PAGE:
Asian Games 2018: Vinesh Phogat wins historic Asiad gold, defensive Sakshi Malik fades out after good start

Vinesh Phogat: India's golden girl

By Amanpreet Singh

(Eds: Updating with results of Sakshi Malik, Pooja Danda and Sumit Malik)

Jakarta, Aug 20 (PTI) Vinesh Phogat on Monday created history by becoming the first Indian woman wrestler to win a gold medal at the Asian Games, brushing aside her rivals with remarkable ease in the 50kg category here.

Vinesh was a medal-favourite in her category and was likely to face stiff competition from Japan's Yuki Irie, whom she outplayed 6-2 in the final. It was the second gold for Indian wrestlers after Bajrang Punia's win in the 65kg freestyle category on Sunday.

"I had targeted gold. I had 3-4 silvers at the Asia level. So I was determined to win a gold today. My body responded well. I had trained well and God was also kind to me. Everything fell in place for me today," Vinesh said.

As fate would have it, Vinesh first faced China's Yanan Sun against whom she lost that Rio Olympics bout. Vinesh asserted that she always felt she is a stronger athlete than Sun and Monday was the day to prove it.

"There was pressure but it was to prove that I am actually stronger than her. I wanted to prove this today because I lost thrice to her before. And I have done this today," she said.

However, Rio Olympic medallist Sakshi Malik, competing in her first Asian Games, and Pooja Dhanda lost their bronze medal bouts tamely. In the men's freestyle 125kg, Sumit Malik also lost his bronze medal bout, leaving India with just one medal from wrestling on Day 2.

Earlier, putting behind her heart-breaking loss at the Olympics two years ago, Vinesh began her victorious campaign with a revenge win against Sun against whom she had suffered that terrible knee injury, which cut short her journey in Rio.

This time Vinesh did not give her opponent any chance and came out a dominant winner with a 8-2 score.

In the next bout, she brushed aside the challenge of Korea's Hyungjoo Kim by technical superiority. She ended the bout with a four-point throw.

Vinesh's semi-final lasted just 75 seconds as she moved into the final with a 'fitley'. She was already up 4-0 and then rolled over her opponent thrice with leg-lock.

The gold also enabled Vinesh to achieve another feat as she became the only woman wrestler to win two medals in back-to-back Asian Games. Vinesh had earlier won a bronze medal in the 48kg category at the 2014 Incheon Asian Games.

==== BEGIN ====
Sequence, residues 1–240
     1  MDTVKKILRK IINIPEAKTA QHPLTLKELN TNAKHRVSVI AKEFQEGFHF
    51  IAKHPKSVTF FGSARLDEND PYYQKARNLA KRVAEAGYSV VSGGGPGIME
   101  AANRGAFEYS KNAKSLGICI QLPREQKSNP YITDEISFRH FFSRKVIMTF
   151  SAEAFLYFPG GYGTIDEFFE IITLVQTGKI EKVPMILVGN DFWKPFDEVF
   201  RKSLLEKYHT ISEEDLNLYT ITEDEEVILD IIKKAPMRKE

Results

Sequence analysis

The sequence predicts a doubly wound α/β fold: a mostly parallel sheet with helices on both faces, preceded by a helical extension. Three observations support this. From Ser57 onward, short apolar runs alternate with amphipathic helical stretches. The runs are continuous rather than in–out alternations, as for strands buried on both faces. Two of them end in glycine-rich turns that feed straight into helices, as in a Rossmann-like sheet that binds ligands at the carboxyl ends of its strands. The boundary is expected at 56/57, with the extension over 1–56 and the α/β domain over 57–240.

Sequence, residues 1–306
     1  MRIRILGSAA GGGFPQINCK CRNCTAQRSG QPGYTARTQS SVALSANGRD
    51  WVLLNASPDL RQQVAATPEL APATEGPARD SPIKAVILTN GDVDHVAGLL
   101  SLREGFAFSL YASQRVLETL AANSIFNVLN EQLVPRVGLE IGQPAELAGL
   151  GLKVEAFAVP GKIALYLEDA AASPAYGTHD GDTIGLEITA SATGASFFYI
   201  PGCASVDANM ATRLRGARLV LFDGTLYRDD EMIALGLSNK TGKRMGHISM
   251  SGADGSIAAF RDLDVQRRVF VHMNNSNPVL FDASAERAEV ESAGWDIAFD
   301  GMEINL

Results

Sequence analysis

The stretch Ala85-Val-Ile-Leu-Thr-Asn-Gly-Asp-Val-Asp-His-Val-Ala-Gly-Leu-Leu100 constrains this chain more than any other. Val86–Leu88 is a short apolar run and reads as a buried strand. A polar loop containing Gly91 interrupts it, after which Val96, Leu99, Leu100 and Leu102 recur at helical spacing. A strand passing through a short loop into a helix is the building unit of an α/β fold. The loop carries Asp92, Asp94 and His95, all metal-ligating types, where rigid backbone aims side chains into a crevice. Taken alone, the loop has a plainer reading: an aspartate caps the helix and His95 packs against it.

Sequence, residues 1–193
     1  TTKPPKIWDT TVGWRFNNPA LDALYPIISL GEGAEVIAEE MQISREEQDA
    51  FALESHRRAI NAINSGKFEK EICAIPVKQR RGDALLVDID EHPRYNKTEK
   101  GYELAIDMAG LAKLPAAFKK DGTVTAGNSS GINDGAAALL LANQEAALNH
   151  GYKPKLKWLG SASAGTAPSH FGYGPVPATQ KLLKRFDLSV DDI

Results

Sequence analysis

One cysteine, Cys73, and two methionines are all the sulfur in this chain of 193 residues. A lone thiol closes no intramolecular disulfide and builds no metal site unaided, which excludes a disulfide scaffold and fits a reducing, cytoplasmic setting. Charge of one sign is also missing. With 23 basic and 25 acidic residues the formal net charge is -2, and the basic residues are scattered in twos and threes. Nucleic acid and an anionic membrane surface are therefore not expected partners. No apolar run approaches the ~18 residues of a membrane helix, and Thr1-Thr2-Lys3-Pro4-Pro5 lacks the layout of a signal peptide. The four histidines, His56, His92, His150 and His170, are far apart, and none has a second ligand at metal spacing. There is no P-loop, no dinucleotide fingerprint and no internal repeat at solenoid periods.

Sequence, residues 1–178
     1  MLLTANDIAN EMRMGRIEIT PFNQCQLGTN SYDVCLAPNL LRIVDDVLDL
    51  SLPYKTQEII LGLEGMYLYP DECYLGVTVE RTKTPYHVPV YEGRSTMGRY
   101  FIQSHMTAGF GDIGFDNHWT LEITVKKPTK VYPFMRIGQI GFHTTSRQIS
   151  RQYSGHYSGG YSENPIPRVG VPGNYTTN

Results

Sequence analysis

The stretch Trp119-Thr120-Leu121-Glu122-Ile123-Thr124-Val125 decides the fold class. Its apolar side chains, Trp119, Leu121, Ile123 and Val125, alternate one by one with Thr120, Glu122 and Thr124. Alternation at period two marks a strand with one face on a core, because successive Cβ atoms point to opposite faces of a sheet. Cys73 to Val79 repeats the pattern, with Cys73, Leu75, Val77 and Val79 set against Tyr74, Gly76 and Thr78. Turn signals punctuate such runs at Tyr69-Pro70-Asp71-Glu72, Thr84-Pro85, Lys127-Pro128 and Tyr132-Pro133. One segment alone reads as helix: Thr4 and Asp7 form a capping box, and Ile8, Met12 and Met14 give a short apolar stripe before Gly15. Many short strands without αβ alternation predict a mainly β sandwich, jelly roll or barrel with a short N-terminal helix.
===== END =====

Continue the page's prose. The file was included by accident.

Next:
Vinesh also won back-to-back gold medals in Glasgow and Gold Coast Commonwealth Games this year.

But Sakshi paid the price for being over-defensive and was left to fight for bronze in the 62kg category. She lost rather tamely (2-12) to Korea's Hang Jungwon. Her bout was over before the first period ended.

CWG silver medallist Pooja was also outplayed 1-6 by her Japanese rival Katsuli Sakagami in the bronze medal bout in the 57kg category.

Pinki was the only girl not to reach the medal round as she lost her first round bout in the 53kg category against Mongolia's Sumiya Erdenechimeg. She could not score a single point and lost her bout by technical superiority.

Sumit, the last remaining Indian in the men's freestyle event, bit the dust in the 125kg as he could not fight his first round opponent even for two minutes, losing by technical superiority.

He made the repechage round and advanced to the bronze medal match, which he lost 0-2 to Uzbekistan's Davit Modzmanashvili. Thus, the men's freestyle campaign finished with just one gold medal from Bajrang Punia (65kg).

Earlier in the day, Sakshi was hardly challenged before her semi-final bout as she easily won against Thailand's Salinee Srisombat (10-0) and Ayaulym Kassymova (10-0). She was up 4-0 in her semi-final round against Kyrgyzstan's Aisuluu Tynybekova, but lost six points in a row by the end of the first period.

She led 7-6 with a throw down but became too defensive and looked to hold her rival with 10 seconds to go. The Kyrgyz wrestler took advantage and pushed Sakshi out of the mat to log match-winning two points.

Pooja, on the other hand, lost just one point en route the semi-finals as she outclassed Thailand's Orasa Sookdongyor (10-0) and Uzbekistan's Nabira Esenbae (12-1) but lost the last-four clash on technical superiority to Korea's Myong Suk Jong.

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Edited by Sudeshna Banerjee
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